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Liberal MNA shows Quebec health minister how difficult it is to get a doctor's appointment

Liberal MNA for Pontiac, André Fortin, during question period at the Quebec National Assembly in the nation's capital, Tuesday, March 28, 2023. MNA André Fortin took advantage of Tuesday's budget review to show the Minister of Health how difficult it is to get a medical appointment. LA PRESSE CANADIENNE/Jacques Boissinot
Liberal MNA for Pontiac, André Fortin, during question period at the Quebec National Assembly in the nation's capital, Tuesday, March 28, 2023. MNA André Fortin took advantage of Tuesday's budget review to show the Minister of Health how difficult it is to get a medical appointment. LA PRESSE CANADIENNE/Jacques Boissinot
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Quebec Liberal MNA André Fortin took advantage of Tuesday's budget review to show the Minister of Health just how difficult it is to get a medical appointment.

In the middle of a parliamentary commission, Fortin visited the "Québec Medical Appointment Scheduler" website to try to get a consultation with his own family doctor in the Outaouais region.

"It tells me: 'No appointments meeting your search criteria are available at the moment'", he read aloud.

The elected official then tried to get an appointment with another health professional in the same Family Medicine Group, then at a clinic within a 25-kilometre radius, without success.

"What do we do?" he asked Health Minister Christian Dubé, who suggested he use the Guichet d'accès à la première ligne (GAP).

Fortin said his assistant, who doesn't have a family doctor, recently tried her luck with GAP in the Outaouais region, but couldn't get an appointment.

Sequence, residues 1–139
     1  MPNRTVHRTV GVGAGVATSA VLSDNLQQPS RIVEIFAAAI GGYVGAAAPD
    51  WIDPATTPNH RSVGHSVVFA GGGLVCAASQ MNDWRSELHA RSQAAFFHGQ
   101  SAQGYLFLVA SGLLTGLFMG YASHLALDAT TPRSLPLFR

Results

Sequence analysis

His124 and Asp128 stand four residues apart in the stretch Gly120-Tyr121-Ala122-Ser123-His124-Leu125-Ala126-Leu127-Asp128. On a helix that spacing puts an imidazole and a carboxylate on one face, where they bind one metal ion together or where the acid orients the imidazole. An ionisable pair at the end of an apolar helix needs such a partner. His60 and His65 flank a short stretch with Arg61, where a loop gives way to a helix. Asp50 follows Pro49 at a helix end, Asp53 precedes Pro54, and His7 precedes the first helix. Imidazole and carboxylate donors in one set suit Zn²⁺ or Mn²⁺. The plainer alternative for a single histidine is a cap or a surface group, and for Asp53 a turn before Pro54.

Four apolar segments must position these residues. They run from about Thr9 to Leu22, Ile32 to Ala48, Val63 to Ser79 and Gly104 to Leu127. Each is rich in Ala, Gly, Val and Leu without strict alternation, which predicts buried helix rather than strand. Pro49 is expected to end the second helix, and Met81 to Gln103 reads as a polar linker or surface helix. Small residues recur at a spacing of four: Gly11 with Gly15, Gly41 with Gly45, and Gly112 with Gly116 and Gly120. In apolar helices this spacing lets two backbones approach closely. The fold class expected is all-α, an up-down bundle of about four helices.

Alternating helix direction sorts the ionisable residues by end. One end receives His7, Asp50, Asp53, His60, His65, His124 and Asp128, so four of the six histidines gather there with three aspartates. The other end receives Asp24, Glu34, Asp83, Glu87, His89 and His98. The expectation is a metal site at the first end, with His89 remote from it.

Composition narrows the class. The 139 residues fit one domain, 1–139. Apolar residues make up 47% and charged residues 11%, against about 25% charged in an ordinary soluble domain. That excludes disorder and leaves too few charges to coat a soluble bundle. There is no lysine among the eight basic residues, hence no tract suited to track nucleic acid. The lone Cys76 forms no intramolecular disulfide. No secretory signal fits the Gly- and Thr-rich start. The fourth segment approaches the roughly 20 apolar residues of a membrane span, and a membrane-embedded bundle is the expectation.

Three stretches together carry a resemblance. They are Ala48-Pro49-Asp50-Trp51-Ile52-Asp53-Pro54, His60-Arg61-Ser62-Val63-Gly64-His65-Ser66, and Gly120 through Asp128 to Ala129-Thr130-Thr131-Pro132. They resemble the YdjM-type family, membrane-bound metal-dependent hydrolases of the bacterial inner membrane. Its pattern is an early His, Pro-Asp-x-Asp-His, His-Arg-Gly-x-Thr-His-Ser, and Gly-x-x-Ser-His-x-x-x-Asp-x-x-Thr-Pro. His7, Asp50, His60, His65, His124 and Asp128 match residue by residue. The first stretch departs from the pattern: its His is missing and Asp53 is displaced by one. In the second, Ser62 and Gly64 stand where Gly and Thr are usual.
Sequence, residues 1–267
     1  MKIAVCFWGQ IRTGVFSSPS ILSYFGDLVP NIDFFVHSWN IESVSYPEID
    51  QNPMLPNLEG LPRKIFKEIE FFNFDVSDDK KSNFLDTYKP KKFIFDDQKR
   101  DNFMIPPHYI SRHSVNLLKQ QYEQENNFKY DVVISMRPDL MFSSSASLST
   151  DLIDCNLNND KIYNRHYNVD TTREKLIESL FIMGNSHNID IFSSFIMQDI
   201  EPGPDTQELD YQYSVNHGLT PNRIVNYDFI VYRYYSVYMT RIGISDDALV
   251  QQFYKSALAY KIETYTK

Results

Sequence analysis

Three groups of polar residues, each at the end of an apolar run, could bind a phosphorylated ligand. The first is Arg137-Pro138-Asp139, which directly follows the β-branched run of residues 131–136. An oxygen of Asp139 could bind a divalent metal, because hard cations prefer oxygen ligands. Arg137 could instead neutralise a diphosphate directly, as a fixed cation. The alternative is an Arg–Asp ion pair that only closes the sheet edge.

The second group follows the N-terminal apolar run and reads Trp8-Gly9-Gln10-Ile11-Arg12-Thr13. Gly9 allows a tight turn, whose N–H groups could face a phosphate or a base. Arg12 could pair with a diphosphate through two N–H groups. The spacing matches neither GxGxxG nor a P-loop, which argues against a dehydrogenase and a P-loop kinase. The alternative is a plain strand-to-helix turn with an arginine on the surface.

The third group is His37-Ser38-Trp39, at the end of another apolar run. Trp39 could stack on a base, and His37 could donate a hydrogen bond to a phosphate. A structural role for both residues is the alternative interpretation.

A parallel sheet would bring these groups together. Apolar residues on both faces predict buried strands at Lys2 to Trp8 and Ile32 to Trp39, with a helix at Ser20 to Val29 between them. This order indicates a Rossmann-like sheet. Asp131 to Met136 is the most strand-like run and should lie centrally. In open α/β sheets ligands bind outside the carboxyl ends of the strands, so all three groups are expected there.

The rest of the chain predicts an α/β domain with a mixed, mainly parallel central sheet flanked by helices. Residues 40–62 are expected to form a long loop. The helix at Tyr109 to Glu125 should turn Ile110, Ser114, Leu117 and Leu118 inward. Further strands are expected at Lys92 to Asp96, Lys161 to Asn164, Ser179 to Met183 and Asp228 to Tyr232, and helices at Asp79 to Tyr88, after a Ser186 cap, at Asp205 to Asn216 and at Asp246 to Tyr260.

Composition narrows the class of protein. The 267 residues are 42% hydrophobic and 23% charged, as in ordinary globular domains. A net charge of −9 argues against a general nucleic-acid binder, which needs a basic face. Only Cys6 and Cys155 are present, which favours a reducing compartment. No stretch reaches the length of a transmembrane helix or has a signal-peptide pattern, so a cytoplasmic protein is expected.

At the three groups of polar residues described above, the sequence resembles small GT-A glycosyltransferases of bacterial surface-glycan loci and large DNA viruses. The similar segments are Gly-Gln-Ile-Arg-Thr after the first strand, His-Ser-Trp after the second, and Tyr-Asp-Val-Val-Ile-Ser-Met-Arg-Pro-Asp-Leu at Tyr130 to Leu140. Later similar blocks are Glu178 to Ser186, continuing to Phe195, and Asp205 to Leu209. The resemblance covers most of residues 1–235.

"So, what's this person to do?" repeated Fortin, pointing out that the government is asking Quebecers not to go to emergency rooms.

He asserted that the Clic Santé portal often directs patients to fee-based services from private clinics.

Dubé recalled that family doctors have committed to releasing 900,000 appointments annually. In two weeks' time, he will know whether these slots will indeed be made available to Quebecers.

Dubé's team revealed on Tuesday that the "crisis cell" set up in 2022 to improve the situation in emergency departments will be maintained.

Fortin lamented that occupancy rates in many of the province's ERs are so high that they are putting patients' lives at risk. "The situation hasn't changed a bit," he said.

Assistant Deputy Minister Dr. Stéphane Bergeron replied that the crisis unit meets every two weeks and met just last Friday.

"There is a clear desire to perpetuate an operational cell with a focus on how to reduce the average length of stay in the emergency department, and improve care in the emergency department," he said.

Fortin recalled during the exchange that the Coalition avenir Québec (CAQ) had promised in 2018 to reduce the average wait to 90 minutes to see a doctor in the ER.

He lamented that only four of the 115 emergency rooms in Quebec reach the 90-minute mark. At the Anna-Laberge hospital in Châteauguay, the wait was more than 13 hours Tuesday evening. 

Private mini-hospitals will be geriatric clinics

The CAQ also promised during the 2022 election campaign to build two private mini-hospitals, one in Montreal and the other in Quebec City, to relieve congestion in the health-care system.

On Tuesday, Québec solidaire (QS) health critic Vincent Marissal asked Minister Dubé about the conversion of these mini-hospitals, which he saw announced in the appropriation books.

Dubé confirmed that the mini-hospitals will eventually be converted into geriatric clinics, "much more oriented towards the needs of an aging clientele."

This report by The Canadian Press was first published in French on April 16, 2024. 

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